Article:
dear family…

I’ve been meaning to write this one for so long that I almost can’t write it anymore. I lie awake at night going over and over what I want to say. I think my recent reading of the new book ‘Children and teenagers with aspergers:the journey of parenting from birth to teens‘ has really made me re-focus on my need to do this.

It presents real experiences of a range of families, all who recount the immense struggle of being a parent to a child or young person with a diagnosis of Aspergers Syndrome. Why is it important to read this book?

Well I think it is very easy to fall into the trap of only presenting the best of our children to the world. I am guilty of this because I want people to see his gifts and his strengths, his beauty and his unusual window on the world. I want people to love him enough to help protect him from the harsh cruelties that exist in our society for anyone who presents in a non-neurotypical way. If you don’t know what I mean then go back a couple of years in this blog – you’ll soon get the picture.

In fact the stories in this book also present a catalogue of failures from the various professional systems that are meant to support our children’s wellbeing, health and education. But these stories also recount some of the huge difficulties that present a parent of someone on the autistic spectrum. Of course no one person with a diagnosis of AS will present in the same way as another. What is really evident from the stories are the number of times people deny that there could be anything ‘wrong’ with these young people other than bad parenting, lack of discipline and the old favourite ‘not enough boundaries’. Anyone who has had to engage at any level with any of the support services that are supposed to help us will have had these accusations many times.

Many of us don’t have to look further than our own families and friends to experience these accusations. At least three people in our very immediate families do not believe that our son has AS. They find it difficult to see how such a very bright child could not be anything other than manipulative and oppositional.

What is really distressing about this is the absolute denial of our whole life (because having AS in the family does affect your whole life). So these people have no concept of what our daily lives are really like. They only see us when we have made significant planning efforts and taken damage limitation actions to reduce situations that will trigger autistic meltdowns. If they do witness one due to uncontrollable circumstances such as sensory overload, verbal ambiguity or a myriad of other triggers they label it as a tantrum.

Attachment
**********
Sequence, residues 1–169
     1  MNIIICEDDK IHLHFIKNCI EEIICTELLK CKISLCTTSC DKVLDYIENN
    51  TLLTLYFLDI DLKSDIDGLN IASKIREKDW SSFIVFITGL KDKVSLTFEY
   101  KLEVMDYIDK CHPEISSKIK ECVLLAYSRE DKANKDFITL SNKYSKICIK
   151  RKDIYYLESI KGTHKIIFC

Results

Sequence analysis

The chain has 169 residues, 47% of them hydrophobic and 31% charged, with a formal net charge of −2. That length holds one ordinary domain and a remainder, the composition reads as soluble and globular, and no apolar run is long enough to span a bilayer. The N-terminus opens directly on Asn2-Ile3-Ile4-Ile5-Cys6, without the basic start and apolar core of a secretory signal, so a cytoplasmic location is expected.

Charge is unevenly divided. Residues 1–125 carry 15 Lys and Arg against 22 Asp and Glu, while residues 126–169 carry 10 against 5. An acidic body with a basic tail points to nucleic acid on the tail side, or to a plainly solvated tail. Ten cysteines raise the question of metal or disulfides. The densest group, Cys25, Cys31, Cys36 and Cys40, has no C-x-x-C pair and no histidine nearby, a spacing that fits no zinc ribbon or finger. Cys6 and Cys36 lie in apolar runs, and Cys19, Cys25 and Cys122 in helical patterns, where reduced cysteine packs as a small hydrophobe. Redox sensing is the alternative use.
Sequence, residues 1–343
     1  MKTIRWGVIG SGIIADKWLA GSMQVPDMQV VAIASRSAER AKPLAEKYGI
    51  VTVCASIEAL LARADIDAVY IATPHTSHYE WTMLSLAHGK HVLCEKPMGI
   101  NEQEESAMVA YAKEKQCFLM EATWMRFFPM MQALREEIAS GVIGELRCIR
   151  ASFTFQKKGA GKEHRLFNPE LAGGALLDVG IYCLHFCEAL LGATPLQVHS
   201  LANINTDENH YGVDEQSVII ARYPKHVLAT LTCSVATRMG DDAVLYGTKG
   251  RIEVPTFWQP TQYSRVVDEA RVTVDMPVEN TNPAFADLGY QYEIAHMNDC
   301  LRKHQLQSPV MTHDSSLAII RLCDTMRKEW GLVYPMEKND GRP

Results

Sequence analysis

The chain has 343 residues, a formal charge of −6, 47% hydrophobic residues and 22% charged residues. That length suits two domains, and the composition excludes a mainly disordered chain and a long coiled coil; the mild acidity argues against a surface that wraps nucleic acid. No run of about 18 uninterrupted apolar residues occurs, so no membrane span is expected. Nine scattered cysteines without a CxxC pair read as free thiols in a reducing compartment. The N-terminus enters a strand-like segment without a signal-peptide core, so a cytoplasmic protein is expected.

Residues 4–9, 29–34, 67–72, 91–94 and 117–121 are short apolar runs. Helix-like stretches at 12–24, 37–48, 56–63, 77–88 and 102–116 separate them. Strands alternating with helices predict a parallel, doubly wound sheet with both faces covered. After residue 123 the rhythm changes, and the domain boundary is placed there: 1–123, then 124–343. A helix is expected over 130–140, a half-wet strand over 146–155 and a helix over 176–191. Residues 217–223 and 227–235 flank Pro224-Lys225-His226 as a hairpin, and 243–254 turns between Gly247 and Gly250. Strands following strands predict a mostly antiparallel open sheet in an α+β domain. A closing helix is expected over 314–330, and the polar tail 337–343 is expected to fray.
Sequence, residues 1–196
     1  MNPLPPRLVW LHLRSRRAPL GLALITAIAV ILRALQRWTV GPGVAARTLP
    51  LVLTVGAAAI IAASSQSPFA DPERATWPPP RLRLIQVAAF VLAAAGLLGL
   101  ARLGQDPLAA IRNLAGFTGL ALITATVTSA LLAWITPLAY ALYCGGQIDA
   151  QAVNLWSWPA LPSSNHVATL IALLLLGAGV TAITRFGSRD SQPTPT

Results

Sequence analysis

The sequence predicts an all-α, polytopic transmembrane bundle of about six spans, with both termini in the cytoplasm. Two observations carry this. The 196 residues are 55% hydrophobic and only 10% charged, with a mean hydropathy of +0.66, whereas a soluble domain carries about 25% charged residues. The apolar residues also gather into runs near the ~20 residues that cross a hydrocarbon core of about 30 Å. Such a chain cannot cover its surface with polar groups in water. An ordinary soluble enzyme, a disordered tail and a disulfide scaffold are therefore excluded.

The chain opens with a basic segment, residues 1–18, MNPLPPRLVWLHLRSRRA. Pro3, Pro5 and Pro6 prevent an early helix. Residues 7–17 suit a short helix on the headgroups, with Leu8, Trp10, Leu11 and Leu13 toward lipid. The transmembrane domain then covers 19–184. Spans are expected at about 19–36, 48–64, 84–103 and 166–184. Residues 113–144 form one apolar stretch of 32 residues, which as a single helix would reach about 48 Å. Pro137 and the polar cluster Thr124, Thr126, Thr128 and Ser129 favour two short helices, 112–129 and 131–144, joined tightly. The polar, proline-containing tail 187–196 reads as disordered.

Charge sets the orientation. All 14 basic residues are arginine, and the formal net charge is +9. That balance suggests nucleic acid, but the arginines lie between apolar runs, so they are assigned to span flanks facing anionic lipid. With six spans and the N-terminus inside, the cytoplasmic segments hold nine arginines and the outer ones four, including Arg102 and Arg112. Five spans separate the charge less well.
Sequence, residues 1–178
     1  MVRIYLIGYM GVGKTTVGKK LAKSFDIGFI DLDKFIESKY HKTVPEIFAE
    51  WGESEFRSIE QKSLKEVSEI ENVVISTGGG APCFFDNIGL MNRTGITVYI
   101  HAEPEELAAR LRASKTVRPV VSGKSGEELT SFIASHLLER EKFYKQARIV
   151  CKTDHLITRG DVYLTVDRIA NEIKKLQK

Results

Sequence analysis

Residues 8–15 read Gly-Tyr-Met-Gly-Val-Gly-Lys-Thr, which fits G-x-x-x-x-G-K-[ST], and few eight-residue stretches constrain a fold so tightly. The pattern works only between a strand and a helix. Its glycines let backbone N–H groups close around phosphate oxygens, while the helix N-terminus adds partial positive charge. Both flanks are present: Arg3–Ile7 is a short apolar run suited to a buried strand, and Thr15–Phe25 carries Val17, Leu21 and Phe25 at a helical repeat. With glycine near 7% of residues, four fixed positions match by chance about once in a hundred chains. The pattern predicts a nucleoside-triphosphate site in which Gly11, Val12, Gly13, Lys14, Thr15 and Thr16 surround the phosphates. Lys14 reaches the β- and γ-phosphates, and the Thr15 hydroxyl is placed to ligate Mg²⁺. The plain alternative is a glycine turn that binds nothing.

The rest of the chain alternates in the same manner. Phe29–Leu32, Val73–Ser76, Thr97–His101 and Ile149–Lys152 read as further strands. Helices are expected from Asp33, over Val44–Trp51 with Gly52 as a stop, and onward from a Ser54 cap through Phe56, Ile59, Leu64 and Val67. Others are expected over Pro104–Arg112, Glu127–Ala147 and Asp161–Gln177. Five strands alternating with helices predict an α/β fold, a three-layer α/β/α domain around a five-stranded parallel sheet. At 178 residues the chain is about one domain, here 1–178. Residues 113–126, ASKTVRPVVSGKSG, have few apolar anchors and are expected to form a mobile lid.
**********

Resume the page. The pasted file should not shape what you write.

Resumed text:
I remember my son cowering in the corner of a corridoor surrounded by family members talking really loudly. He was very distressed and covering his head due to sensory overload but couldn’t get away because none of the would move. When I tried to explain and asked them to move a close family member said ‘ oh he’s just having another tantrum’. This enraged me. Why can’t you bring yourself to believe me/us. I have reached the point now where I feel like saying ‘OK – well you take your small and narrow minds elsewhere – we haven’t got the energy to deal with you’

I’ll go away and focus on the things that really need my energy, such as when my son can’t sleep because he thinks about death all the time, or when he is self harming because he hates himself and what he does so much, or when he can’t control the meltdowns and becomes abusive or violent. You don’t see all this and you don’t help…

And that hurts quite alot.

To go back to the reason for this post – it is not easy to say those things about my wonderful son. I do sometimes feel incredibly lonely, tired and helpless. But if I spend my life hiding them then I am denying our lives in a similar way that you do. Well excuse me – but this is our life…

Get used to it or clear off…